Mental Health and Social Prescribing
It is clear that social issues can affect physical health, but what about mental health? Many issues, including homelessness or financial difficulty, can have negative impacts on a person’s mental health.
Often, patients can be overwhelmed when struggling with both their mental health and social issues. For example, a patient with anxiety who is facing homelessness may require further support. They may find it difficult to contact their housing officer for a general query or a specific issue, e.g. a housing application.
Therefore, overwhelmed patients can benefit from the added support of another individual acting on their behalf. However, it can be complex to provide a diagnosis because these patients may have other services involved already. Social prescribers can help by facilitating communication between services; improving patient access.
As a link worker, I have experience with patients who present with complex needs. One example was a patient, diagnosed with depression and anxiety, who believed that she was on the waiting list for talking therapies. Based on this information, I contacted talking therapies. However, I was informed that the patient had missed their previous calls/emails seeking to arrange an appointment. I was advised to ask the patient to self-refer again and to keep an eye out for when they make contact. Subsequently, the patient was able to speak with a therapist within a few weeks.
This means that link workers can also successfully help patients on waiting lists to receive interim support. Many patients describe their social needs as having a negative effect on their mental health. By providing social support, the patient feels supported with these needs despite their wait for mental health treatment.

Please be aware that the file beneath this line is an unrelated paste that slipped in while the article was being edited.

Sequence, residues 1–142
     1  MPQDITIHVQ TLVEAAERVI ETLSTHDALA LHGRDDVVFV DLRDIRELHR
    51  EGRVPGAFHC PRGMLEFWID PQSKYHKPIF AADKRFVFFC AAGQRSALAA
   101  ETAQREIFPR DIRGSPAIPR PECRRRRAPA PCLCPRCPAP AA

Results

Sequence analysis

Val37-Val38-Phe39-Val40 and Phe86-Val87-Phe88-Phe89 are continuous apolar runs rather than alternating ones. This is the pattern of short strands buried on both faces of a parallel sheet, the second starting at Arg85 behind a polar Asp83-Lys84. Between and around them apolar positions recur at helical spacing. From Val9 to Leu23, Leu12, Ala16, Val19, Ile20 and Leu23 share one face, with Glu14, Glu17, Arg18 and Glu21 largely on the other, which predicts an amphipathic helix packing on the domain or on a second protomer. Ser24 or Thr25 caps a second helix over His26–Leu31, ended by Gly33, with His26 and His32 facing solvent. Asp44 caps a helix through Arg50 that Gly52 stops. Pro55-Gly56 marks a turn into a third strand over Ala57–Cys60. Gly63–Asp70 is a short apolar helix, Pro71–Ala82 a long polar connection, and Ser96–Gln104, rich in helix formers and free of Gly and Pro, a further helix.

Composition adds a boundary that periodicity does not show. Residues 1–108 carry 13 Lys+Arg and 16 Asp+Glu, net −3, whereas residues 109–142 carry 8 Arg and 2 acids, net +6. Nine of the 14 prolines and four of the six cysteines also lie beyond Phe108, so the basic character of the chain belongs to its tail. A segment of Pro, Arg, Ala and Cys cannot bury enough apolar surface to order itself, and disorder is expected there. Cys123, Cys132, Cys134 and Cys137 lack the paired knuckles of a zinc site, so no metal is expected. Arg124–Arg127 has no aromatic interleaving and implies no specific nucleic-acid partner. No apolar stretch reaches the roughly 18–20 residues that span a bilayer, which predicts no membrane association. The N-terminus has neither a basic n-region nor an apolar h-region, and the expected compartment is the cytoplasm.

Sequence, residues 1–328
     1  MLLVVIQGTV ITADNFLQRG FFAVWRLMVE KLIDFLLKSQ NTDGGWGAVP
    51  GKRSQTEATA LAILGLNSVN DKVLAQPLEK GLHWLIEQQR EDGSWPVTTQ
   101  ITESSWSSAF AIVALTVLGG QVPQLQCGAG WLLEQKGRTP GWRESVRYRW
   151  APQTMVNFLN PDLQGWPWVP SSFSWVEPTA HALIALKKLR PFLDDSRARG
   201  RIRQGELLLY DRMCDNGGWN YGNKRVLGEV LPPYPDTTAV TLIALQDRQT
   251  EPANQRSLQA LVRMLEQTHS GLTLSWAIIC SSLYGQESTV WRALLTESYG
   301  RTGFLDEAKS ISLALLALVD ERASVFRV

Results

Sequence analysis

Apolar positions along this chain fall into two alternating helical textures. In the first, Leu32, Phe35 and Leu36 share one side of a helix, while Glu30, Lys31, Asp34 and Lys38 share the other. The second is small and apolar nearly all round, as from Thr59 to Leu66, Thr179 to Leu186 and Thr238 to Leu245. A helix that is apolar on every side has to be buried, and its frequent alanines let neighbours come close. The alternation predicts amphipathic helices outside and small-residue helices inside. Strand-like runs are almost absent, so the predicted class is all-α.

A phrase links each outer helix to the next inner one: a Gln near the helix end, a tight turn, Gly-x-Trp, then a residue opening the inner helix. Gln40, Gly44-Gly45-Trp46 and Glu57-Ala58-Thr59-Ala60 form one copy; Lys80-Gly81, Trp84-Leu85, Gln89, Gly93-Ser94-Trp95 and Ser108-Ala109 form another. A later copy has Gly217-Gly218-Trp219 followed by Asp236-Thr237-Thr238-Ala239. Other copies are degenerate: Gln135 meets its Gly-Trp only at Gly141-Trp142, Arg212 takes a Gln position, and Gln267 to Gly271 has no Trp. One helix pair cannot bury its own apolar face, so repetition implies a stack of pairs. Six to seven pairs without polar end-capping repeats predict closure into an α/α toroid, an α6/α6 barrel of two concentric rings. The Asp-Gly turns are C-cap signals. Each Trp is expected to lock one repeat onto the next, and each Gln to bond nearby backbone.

Practical tools to support others
Social prescribers aim to support patients with a range of needs. Some practical ways they do this include:
- Referrals to mental health services
- Referrals to exercise
- Increased social support – access to community groups
- Contacting services on behalf of patients
- Supporting with application forms*
In conclusion, social prescribing can help a range of people with varying needs. If you feel like you would benefit from a referral, please speak to your GP. They can inform you whether social prescribing is available in your borough.
*Social prescribing is not a form-filling service. However, if patients have many barriers to accessing form filling services social prescribers might support these individuals. Please check how your borough operates as this varies.
- Social prescribing: applying all our health
- What is Social Prescribing? – National Academy for Social Prescribing
- Rotherham Social prescribing Pilot
Visit the London Social Prescribing Network Homepage to join our network.
See our previous case study on the intersectionality approach and social prescribing.
BAYO is a space to find collectives, organisations and services across the UK run by The Ubele Initiative, with and for the Black community, to support mental health and wellbeing.